37 monuments in 30 days, and what I learned along the way.
Saturday 23 February 2019
Bulgaria, during its years of communist rule, was a well-oiled military machine. Well-oiled but largely unused, that is. The Bulgarian military hasn’t seen homeland conflict since WWII now, but during those years of Soviet influence the nation was ever on the alert against potential incoming attacks from the West.
A lot of this was just the typical Cold War paranoia that both sides suffered from… but in Bulgaria’s case it wasn’t entirely without precedent. Bulgaria was bombed quite heavily by the Allies during WWII, after they were forced into an alliance with Nazi Germany. The Soviets then bombed Bulgaria too, on their way in to liberate the country (where liberation took the form of Soviet-style communism, of course).
By the 1950s Bulgaria was sick of getting bombed by people, and they began taking measures to ensure that it wouldn’t happen again.
Hundreds, if not thousands, of civil defence bunkers were constructed throughout the country. They appeared beneath state facilities, under residential districts, and connected to schools, factories and even shopping centres as well. I wrote about one not so long ago. But pre-emptive measures were taken too, with the creation of numerous surface-to-air missile (SAM) installations placed at key locations around the country. Some of these took the form of permanent missile launch facilities, such as the silos to the right – located at a small base outside one Bulgarian city. More often than not though, defence against incoming ICBMs was provided by mobile SAM launchers (this kind of thing) that waited inside military hangars all around the country.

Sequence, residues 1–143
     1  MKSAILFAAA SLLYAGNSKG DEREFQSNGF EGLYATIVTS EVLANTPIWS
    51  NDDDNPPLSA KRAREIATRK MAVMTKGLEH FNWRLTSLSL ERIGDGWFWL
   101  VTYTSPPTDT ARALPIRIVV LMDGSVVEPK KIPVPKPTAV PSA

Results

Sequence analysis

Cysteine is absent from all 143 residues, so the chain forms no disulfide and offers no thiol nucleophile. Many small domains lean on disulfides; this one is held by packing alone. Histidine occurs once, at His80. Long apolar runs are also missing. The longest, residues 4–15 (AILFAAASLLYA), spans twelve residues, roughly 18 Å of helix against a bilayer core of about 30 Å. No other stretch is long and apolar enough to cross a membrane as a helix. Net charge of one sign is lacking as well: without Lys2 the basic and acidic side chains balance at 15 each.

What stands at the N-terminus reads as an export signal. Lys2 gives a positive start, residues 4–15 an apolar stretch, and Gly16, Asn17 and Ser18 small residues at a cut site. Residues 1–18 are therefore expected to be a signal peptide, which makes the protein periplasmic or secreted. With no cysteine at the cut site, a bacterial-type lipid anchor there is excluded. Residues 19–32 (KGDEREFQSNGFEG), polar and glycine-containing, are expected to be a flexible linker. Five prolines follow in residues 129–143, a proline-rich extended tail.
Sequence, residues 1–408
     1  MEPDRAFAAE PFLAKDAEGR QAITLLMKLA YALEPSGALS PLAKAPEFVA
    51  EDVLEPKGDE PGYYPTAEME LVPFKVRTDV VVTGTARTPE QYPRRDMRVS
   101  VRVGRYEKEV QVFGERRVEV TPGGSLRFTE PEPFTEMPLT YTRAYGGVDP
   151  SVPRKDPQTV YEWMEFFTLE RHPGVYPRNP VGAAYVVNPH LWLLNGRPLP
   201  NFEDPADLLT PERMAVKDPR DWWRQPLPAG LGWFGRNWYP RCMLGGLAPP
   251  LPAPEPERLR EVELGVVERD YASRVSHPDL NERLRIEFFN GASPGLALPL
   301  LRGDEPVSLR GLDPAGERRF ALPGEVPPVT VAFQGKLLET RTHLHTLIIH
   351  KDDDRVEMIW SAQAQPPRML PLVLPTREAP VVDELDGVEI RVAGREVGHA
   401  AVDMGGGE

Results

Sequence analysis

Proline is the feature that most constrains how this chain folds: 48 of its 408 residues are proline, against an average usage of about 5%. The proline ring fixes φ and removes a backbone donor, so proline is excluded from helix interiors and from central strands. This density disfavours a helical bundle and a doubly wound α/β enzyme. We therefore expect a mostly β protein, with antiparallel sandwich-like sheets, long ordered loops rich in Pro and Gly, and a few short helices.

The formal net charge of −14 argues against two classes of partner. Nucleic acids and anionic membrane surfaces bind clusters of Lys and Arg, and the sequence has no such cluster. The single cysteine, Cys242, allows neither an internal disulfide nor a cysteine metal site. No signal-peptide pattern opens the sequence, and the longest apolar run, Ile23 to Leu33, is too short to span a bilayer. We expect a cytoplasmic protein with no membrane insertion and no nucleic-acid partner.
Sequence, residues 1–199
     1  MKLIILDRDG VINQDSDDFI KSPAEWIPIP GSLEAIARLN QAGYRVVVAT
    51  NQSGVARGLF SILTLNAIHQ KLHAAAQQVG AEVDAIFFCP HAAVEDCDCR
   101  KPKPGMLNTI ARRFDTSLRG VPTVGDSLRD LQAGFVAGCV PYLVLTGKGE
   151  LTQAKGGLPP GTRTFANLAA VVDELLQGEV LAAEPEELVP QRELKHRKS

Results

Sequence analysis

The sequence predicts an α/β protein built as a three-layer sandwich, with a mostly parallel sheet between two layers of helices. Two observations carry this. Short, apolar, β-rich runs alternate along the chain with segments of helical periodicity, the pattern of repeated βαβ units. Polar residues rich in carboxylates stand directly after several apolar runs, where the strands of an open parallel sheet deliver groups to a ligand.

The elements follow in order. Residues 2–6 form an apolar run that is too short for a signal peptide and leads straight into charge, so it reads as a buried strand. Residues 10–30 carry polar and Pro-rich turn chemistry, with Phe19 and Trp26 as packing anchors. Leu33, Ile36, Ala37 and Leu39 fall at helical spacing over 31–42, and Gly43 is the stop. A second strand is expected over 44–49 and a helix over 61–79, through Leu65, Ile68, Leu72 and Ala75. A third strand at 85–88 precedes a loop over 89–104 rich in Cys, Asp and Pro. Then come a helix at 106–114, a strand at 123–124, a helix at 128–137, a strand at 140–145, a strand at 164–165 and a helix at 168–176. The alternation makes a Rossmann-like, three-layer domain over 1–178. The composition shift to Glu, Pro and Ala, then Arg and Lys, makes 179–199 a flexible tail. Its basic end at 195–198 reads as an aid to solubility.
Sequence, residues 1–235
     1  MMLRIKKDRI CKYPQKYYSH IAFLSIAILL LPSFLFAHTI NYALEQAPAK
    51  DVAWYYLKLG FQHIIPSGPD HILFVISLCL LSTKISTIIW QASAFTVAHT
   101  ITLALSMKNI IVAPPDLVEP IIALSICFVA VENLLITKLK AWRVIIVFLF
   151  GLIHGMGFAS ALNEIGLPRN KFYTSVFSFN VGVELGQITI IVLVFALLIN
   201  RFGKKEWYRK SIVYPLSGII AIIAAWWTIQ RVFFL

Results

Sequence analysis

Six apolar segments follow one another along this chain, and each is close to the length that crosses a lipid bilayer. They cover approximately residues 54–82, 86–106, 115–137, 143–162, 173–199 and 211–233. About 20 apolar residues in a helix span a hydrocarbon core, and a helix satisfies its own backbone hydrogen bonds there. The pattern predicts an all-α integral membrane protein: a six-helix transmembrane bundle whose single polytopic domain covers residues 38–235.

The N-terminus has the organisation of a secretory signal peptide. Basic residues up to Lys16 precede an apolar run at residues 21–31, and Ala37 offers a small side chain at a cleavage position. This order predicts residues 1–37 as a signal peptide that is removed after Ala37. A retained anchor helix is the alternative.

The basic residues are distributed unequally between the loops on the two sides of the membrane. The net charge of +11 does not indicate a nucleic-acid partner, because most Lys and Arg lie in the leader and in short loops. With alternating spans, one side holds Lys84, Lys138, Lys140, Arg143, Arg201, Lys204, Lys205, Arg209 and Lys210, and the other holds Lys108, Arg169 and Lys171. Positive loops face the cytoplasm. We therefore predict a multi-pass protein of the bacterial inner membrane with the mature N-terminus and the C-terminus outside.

The following photos come from one such site near Sofia.
After a couple of hours spent exploring, opening doors and peeking into bunkers, we left the base the same way we arrived – straight over the nearest perimeter. The former fence was only just visible, long-since fallen down and swallowed by the long grass.
We had left the car parked right at the entrance to the base, and before we drove away, I tried to take one last picture of the main gate. Suddenly, someone whistled at me. I lowered the camera to see an older chap, maybe in his 60s, stomping over from the guard hut with his finger wagging in the air. He must have just woken up from an afternoon nap.
No photos! he told us, shooing us away from the gate. Clearly with no idea that we’d just spent the last two hours wandering freely around the compound. Still, we did as the man asked; and he watched us go, arms folded over his chest, until the car was round the corner and out of sight.
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